Conventional critical wisdom usually divides the works of Naguib Mahfouz into four more or less distinct phases. The first of these, the historical phase, borrows its designation from the subject matter (ancient Egyptian history) of the historical trilogy that Mahfouz published between 1938-1945. The second spans the period 1945-1957 and is often defined in terms of the dominant literary technique in which Mahfouz then wrote; namely, social realism. The realistic novels of this period established Mahfouz as a major novelist in the Arab world. "The Beginning and the End" first published in Arabic in 1949) belongs to this phase and is widely representative of the novels of this period. The third phase (1959-1967) is sometimes defined in terms of subject matter as "existential" or "psychological" and sometimes in terms of narrative technique as "symbolic." To this phase belongs the second of our three novels: "The Thief and the Dogs" (originally published in 1961). The third novel under review, "Wedding Song," was published in 1981, and thus belongs to the fourth phase of Mahfouz's work. Although more than half of Mahfouz's 50-odd novels and collections of short stories belong to this phase, it has remained frozen under the nondescript chronological designation, "the post-1967 phase." The cause of this vagary does not lie entirely with the critics: The pace of change in Mahfouz's style, narrative technique, and general orientation since 1967 has been nothing short of frantic. No recognizable literary or intellectual pattern has emerged yet from the diverse works of this period.
Questions of periodization aside, Mahfouz's art rests primarily on its powerful evocation of the social and psychological reality of that segment of Egyptian society with which he is intimately familiar: the Cairene petite bourgeoisie. Mahfouz undertakes this task of representation with a seemingly unshakable faith in the referential power of language and of contrived fictional structures to deliver reality. As a result, his novels often appear blissfully oblivious to the problematics of self-consciousness and singularly uninterested in theoretical questions about the arbitrary nature of linguistic signs or the transparency of writing strategies and literary devices. Therefore, readers weaned on the pervasive presence of these concerns in modernist and post-modernist writing will inevitably find Mahfouz's novels somewhat quaint, if not altogether passe.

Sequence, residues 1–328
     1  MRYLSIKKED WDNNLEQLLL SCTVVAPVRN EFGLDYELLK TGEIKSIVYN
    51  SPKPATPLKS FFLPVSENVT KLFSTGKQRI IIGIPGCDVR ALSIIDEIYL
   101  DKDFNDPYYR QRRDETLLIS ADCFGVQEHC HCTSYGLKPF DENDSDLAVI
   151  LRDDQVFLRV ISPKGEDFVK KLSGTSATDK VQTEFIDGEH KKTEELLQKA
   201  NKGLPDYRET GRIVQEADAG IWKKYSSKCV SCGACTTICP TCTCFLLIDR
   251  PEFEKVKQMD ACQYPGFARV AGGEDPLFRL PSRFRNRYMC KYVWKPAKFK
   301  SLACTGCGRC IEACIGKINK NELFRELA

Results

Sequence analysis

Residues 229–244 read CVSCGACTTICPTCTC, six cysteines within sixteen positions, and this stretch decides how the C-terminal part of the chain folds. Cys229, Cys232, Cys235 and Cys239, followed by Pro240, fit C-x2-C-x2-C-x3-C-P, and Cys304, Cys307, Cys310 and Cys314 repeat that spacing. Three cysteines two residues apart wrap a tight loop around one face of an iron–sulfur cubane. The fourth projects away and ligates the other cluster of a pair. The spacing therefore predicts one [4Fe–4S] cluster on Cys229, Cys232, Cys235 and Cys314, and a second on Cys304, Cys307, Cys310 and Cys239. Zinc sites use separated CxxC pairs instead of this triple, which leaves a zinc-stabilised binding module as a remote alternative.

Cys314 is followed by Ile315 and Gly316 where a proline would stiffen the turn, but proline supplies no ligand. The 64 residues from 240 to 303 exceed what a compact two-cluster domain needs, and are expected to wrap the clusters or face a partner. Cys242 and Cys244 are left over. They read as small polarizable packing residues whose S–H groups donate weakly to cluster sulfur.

In structure and narrative technique, Mahfouz's fiction shows greater affinity with the main tradition of the Western novel than it does with the indigenous narrative forms prevalent in Arab culture. This is particularly true of the first three phases of his career. In part, this anomaly is the product of historical circumstances: The novel genre was borrowed into Arab culture from the West during the late 19th and early 20th centuries. Although an impressive narrative tradition existed in Arabic (witness the "Arabian Nights") there were no Arabic novels in the Western sense of the term before 1913. (Mahfouz was born in 1911). It is hardly surprising, therefore, that Mahfouz and the pioneering Arab writers of his generation, should strive to emulate Western models of the genre even as they were acclimatizing it in Arabic.
To the inexorable pressures of historical urgency, however, one must add Mahfouz's personal aptitude: In his public pronouncements, Mahfouz makes no secret of his philosophical and intellectual identification with the secular outlook of modern Western civilization. Moreover, it is precisely because the novel has expressed more fully than any other literary genre the scientific and secular principles of this civilization that it has exercised such a formative influence on his imagination and literary sensibility. The preponderance of secular Western ideas in Mahfouz's fiction is therefore entirely consistent with his philosophical and artistic commitment.
Hence a potential irony: In the works of this major Arab novelist one encounters the ideas of Schopenhauer, Darwin, Marx, and Freud more often than those of any Arab or Islamic thinker. In fact, the collective genius of Arab/Islamic civilization is invoked by reference and allusion in Emil Habiby's single novel, "The Pessoptimist," more than it is in all of Mahfouz's novels combined. The increasing recourse to indigenous and traditional forms of narrative and storytelling one detects in the works of younger Arab writers in Egypt (e.g. Jamal al-Ghaytani) and elsewhere in the Arab world may be a reaction against the excessive reliance of Mahfouz and his generation on Western fictional models.